AND LONNIE KAPFER PLAINTIFFS APPELLANTS v. COUNTY OF LEWIS AND BOARD OF LEGISLATORS FOR COUNTY OF LEWIS DEFENDANTS RESPONDENTS

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Supreme Court, Appellate Division, Fourth Department.

BRADFORD PETTIT, INDIVIDUALLY AND AS EXECUTOR OF THE ESTATE OF ROSE V. PETTIT, DECEASED , AND LONNIE KAPFER, PLAINTIFFS–APPELLANTS, v. COUNTY OF LEWIS AND BOARD OF LEGISLATORS FOR COUNTY OF LEWIS, DEFENDANTS–RESPONDENTS.

CA 16–00695

Decided: December 23, 2016

PRESENT:  WHALEN, P.J., CENTRA, LINDLEY, DEJOSEPH, AND SCUDDER, JJ. CONBOY, MCKAY, BACHMAN & KENDALL, LLP, CANTON (SCOTT B. GOLDIE OF COUNSEL), FOR PLAINTIFFS–APPELLANTS. BARCLAY DAMON, LLP, SYRACUSE (ANDREW J. LEJA OF COUNSEL), FOR DEFENDANTS–RESPONDENTS.

MEMORANDUM AND ORDER

It is hereby ORDERED that the order so appealed from is unanimously affirmed without costs.

Memorandum:  In this hybrid CPLR article 78 proceeding and declaratory judgment action, plaintiffs appeal from an order that, inter alia, denied their motion for summary judgment seeking a declaration that two local laws that permitted all-terrain vehicles to access county roads were null and void because they violate Vehicle and Traffic Law § 2405(1).  We affirm.  We note at the outset that, inasmuch as the sole challenge is to the validity of the legislative enactments, “this is properly only a declaratory judgment action” (Parker v. Town of Alexandria, 138 AD3d 1467, 1467).  We further note that plaintiffs have abandoned any contention that Supreme Court erred in granting that part of defendants' cross motion for summary judgment dismissing the complaint as asserted by plaintiff Bradford Pettit, individually and as executor of the estate of Rose V. Pettit, on the ground that he lacks standing, inasmuch as they have not raised that contention on appeal (see Ciesinski v. Town of Aurora, 202 A.D.2d 984, 984).  The contention of Lonnie Kapfer (plaintiff) that he is entitled to summary judgment based upon the doctrine of law of the case is not preserved for our review (see Matter of Piccillo, 43 AD3d 1344, 1344).  In any event, we conclude that plaintiff's contention lacks merit because the doctrine “applies only to legal determinations that were necessarily resolved on the merits in a prior decision” (Town of Angelica v. Smith, 89 AD3d 1547, 1550 [internal quotation marks omitted] ), and here the prior legal determinations relied upon by plaintiff were not resolved on the merits.  Furthermore, even assuming, arguendo, that plaintiff met his initial burden of establishing his entitlement to judgment as a matter of law (see generally Zuckerman v. City of New York, 49 N.Y.2d 557, 562), viewing the evidence in the light most favorable to defendants, as we must (see Russo v. YMCA of Greater Buffalo, 12 AD3d 1089, 1089, lv dismissed 5 NY3d 746), we conclude that defendants raised triable issues of fact whether their legislative actions violate Vehicle and Traffic Law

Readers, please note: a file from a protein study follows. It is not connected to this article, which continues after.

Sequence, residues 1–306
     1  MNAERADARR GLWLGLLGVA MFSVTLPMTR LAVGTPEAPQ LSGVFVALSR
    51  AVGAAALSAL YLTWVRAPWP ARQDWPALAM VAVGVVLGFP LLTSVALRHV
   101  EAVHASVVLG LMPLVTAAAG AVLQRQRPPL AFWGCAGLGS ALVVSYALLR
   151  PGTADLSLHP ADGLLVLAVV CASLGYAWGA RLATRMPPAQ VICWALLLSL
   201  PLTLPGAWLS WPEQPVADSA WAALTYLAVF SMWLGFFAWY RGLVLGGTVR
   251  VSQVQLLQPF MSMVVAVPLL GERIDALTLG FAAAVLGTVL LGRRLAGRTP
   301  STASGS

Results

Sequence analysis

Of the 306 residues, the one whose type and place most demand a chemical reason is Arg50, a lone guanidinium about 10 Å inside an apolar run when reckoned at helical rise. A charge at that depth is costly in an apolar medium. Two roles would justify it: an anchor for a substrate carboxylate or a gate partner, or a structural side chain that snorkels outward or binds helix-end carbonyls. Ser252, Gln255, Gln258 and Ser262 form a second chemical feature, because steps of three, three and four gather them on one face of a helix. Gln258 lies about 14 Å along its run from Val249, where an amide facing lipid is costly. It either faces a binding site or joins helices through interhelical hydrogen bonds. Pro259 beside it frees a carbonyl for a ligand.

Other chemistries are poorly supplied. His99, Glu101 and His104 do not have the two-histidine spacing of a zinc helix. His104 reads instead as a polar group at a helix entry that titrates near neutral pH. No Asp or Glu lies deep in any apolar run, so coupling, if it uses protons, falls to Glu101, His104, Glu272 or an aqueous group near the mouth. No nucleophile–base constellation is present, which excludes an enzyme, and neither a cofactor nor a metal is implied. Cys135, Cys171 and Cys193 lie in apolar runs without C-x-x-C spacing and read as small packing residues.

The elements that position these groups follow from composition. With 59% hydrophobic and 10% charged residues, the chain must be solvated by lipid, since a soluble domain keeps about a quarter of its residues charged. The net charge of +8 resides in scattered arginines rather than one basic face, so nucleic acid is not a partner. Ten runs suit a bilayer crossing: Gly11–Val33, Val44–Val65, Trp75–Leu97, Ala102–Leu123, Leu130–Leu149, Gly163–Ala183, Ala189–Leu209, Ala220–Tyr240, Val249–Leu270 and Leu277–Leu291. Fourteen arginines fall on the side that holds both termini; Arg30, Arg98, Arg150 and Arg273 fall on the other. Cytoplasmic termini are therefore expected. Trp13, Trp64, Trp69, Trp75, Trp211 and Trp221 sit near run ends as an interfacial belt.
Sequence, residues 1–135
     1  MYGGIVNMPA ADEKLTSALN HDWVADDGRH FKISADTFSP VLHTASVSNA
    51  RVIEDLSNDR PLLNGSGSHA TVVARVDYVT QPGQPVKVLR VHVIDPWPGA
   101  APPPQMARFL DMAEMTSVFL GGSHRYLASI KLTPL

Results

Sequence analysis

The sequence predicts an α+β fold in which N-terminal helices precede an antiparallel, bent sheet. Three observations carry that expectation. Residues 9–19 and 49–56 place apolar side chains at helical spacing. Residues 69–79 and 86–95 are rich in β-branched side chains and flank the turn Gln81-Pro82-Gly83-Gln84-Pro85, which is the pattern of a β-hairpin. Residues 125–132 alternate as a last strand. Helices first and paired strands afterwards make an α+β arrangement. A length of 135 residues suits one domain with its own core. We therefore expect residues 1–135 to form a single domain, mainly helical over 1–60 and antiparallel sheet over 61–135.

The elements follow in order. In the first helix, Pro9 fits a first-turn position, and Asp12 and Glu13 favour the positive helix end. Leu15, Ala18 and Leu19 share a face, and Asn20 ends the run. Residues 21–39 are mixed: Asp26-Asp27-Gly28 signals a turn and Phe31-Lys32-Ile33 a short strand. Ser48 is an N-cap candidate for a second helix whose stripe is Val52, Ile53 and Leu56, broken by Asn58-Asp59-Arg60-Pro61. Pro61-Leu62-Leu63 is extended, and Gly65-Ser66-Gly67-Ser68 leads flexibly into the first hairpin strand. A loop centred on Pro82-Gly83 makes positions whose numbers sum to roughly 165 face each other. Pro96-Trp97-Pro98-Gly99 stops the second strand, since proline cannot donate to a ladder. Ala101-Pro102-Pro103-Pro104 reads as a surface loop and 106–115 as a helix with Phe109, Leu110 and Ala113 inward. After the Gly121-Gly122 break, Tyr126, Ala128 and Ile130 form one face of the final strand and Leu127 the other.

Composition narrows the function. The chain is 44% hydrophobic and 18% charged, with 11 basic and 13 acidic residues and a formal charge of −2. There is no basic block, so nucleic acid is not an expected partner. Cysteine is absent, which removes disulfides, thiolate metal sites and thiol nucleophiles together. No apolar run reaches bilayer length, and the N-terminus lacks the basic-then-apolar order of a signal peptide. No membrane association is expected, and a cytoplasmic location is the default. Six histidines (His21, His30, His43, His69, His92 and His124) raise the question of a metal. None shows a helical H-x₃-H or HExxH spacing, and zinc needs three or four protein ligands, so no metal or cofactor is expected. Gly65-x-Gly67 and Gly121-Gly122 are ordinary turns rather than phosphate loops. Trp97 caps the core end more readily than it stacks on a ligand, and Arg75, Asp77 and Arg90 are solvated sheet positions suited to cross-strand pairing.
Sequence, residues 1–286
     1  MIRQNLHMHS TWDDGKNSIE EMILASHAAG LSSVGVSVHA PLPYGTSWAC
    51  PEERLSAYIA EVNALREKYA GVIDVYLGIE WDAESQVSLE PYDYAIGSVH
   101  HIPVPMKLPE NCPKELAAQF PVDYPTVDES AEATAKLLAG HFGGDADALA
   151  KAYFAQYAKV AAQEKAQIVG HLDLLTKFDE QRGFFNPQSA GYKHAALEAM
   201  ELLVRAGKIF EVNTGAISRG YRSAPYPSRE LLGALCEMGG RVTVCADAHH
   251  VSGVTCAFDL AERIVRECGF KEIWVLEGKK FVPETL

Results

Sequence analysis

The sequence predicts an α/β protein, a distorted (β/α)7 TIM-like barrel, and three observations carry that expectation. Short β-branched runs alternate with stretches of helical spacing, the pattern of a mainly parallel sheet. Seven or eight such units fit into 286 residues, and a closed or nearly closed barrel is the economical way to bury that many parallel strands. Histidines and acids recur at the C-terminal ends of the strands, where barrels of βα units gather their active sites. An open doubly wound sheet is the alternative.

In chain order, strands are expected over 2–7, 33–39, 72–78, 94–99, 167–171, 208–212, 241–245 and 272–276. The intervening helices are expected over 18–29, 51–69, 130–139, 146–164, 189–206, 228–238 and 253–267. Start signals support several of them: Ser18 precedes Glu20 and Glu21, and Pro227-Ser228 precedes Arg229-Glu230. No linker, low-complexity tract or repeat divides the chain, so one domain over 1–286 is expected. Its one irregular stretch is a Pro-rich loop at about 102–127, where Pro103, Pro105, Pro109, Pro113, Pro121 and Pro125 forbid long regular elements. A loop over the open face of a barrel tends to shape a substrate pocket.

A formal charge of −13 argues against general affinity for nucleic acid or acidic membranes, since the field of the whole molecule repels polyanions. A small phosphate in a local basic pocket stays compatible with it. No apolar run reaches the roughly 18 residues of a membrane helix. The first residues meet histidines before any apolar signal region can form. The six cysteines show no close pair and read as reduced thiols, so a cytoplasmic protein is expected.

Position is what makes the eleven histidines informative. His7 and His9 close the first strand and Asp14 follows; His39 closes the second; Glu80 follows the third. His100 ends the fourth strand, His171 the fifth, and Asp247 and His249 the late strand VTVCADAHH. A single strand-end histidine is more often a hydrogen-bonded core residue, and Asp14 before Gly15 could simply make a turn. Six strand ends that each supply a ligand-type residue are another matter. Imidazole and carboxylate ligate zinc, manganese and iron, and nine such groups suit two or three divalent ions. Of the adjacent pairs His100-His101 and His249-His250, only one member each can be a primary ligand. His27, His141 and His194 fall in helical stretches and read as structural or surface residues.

§ 2405 (1).

Frances E. Cafarell

Clerk of the Court